How To Prepare Your Pet For Fireworks
- PLAN AHEAD – it’s never too early to start desensitising your pet to the sounds of fireworks. Ask Alexa, or check out the Dogs Trust download “Sounds scary”: www.dogstrust.org.uk/dog-advice/understanding-your-dog/sound-therapy-for-pets
- By gradually introducing them to the sounds at lower levels, over a period of time we can increase the volume while they are in a relaxed state, so they become less stressed. Lower the volume if they become anxious.
- One to two weeks before the event purchase an Adaptil plug in for dogs or a Feliway plug in for cats. The product will release a relaxing pheromone. It is less effective when used in rooms already occupied by another plug in or where lots of household sprays are used. An alternative would be the travel spray which you can spray daily onto the pets bedding, or for dogs they have an Adaptil collar. Call your local branch to check that we have one in stock or to order
- Get cats to start spending more time inside on an evening and get dogs used to having their evening walk earlier, shorter or no evening walk.
- 3-4 days before the event start your pet on Calmex tablets or Calmex liquid for cats. (we do have a capsule alternative for cats if they won’t take the liquid). This should be given daily until after the event, preferably 3-4 hours before the fireworks start. Please call your local branch to order.
- Download the PLASID app to get up to date advice on anxiety and stress in your pets. There is a QR code on the calmex box to access the information.
- Ensure the environment is safe, all doors and windows closed, and curtains drawn to reduce noise and flashing lights. Dogs and cats can be unpredictable if scared and may scrabble at doors and try to escape.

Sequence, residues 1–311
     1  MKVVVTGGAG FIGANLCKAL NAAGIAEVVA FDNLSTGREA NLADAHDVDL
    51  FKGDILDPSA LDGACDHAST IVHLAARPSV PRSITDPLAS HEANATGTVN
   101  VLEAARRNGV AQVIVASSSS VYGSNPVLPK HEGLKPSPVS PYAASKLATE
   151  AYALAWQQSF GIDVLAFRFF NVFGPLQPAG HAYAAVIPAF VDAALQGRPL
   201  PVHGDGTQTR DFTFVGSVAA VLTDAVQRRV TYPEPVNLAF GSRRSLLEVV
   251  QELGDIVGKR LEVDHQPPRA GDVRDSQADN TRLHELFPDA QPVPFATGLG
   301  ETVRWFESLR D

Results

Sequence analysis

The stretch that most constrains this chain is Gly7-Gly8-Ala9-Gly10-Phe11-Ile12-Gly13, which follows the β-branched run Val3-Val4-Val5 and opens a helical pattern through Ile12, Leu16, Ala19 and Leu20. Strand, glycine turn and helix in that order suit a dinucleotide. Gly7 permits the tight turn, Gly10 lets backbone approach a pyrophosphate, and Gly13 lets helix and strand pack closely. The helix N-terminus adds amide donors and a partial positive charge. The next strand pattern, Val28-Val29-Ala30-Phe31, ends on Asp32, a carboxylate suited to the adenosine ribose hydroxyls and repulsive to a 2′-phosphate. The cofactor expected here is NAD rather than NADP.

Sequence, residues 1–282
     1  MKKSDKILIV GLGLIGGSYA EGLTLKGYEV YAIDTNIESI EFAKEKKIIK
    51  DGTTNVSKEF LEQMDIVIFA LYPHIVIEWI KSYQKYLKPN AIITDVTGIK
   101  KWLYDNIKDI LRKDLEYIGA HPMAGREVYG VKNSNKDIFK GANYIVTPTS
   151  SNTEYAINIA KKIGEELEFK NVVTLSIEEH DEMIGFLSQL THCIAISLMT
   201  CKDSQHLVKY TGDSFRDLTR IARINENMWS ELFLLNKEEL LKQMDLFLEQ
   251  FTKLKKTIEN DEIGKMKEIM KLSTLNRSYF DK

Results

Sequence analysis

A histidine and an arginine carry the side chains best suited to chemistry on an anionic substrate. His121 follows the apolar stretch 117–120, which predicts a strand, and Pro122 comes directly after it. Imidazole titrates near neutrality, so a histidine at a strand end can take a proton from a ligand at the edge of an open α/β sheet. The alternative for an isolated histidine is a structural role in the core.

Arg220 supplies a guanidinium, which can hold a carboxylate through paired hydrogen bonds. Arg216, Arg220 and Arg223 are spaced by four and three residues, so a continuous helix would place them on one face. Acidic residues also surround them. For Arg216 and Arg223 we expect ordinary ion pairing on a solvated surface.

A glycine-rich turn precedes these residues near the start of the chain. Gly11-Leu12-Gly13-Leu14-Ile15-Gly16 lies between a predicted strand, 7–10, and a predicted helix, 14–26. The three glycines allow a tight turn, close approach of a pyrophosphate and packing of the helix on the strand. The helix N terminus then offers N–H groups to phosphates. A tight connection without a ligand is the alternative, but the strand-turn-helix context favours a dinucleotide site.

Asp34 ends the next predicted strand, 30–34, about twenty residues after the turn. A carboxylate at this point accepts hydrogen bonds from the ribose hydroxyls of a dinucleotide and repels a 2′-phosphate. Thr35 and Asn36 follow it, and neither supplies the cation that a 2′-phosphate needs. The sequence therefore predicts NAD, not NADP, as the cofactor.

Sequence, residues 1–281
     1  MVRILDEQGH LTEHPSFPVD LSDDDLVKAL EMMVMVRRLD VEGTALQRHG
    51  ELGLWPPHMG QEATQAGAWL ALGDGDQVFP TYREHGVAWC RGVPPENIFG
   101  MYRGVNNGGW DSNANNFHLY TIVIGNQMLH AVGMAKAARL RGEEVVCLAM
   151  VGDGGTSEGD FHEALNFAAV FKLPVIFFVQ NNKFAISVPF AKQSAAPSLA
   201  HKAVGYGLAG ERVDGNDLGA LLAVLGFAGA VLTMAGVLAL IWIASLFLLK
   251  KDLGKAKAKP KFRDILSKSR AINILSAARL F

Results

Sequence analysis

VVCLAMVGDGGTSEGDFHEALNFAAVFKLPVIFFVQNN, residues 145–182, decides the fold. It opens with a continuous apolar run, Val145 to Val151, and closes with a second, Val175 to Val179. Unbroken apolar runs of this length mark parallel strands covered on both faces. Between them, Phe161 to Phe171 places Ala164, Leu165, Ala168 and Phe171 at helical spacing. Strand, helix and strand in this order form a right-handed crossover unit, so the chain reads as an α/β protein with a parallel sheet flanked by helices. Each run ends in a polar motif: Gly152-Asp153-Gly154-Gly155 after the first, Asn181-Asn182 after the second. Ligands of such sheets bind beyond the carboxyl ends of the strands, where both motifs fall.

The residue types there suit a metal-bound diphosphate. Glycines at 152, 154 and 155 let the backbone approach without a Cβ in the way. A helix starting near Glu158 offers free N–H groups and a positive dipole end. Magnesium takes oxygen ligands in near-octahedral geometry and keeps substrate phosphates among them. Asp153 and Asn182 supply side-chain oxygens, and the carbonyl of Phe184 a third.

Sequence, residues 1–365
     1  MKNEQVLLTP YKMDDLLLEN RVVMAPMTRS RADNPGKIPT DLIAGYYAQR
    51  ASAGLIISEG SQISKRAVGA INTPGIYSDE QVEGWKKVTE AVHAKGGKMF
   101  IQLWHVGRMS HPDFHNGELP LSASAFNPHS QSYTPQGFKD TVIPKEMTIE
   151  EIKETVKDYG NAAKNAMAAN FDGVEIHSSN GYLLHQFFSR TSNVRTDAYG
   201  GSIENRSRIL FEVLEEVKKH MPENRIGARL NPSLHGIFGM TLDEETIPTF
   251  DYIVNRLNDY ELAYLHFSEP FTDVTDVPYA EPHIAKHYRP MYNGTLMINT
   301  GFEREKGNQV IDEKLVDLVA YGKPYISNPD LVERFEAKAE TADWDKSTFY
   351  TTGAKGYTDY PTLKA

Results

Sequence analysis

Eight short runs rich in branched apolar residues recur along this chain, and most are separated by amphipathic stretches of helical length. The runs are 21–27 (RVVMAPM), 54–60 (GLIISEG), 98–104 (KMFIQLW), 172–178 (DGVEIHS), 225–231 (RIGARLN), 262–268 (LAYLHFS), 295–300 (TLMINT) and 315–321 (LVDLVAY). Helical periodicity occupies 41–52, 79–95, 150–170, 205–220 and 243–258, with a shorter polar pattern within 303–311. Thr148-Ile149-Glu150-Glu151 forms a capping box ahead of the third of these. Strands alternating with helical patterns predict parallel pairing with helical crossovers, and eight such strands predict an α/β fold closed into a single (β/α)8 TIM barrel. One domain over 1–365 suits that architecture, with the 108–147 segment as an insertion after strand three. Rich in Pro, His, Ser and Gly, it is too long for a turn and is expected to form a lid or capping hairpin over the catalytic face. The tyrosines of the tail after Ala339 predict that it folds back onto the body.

- Provide background noise from the TV or radio. If you can tolerate it rap music is very good or music with a lot of drum beats can help drown out the noise. The music doesn’t have to be over loud just with a distracting beat.
- Provide favourite, familiar toy, licky mats, stuffed kong toys and chews etc. to keep your pet occupied.
- Do not punish or shout at your pet when they are scared or barking. It will only confuse them more.
- Stay calm yourself, set a good example to your pet. Act relaxed and behave as normal, don’t over analyse your pet. Dogs and cats very quickly pick up on your anxiety or strange behaviour and don’t like to be watched!
- If your pet likes to hide away, let them. Do not go and sit with them or try to cuddle them.
- If your pet comes to you for cuddles then you can cuddle them but don’t verbally praise them until they start to relax.
- Stay at home – Do not go out and leave your pet alone if it is fearful.
- If you have friends with dogs that are not fearful, invite them round. Seeing a dog totally relaxed may help reassure your pet.
- Bring rabbit hutches indoors – this could be in the house, garage or shed. If you are unable to bring them indoors, lay a few thick blankets over their hutch to help muffle any noise. Leave a gap for ventilation. Give your rabbits extra bedding for them to burrow into.
- Make sure your pets are microchipped – spooked pets can run away so make sure that they are microchipped to make them easily identifiable if this happens.
- Close fitting body wrap – medical pet shirt gives some pets the feeling of being hugged so feel safe
- Tellington touch body wrap
- Pet Remedy – valerian product – contact your local branch to check for stock or to order.
For moderate cases we can add in a stronger prescription anti-anxiety medication either in the form of an oral gel or a tablet. This can only be given under veterinary supervision and your pet will require a health check with the vet and weighing before we can dispense this medication. For serious cases we may add in a prescription tranquilizer.
Medication should be given at least 1-2 hour before the pet is upset or panicking.
Please contact your local branch to discuss your pets’ requirements.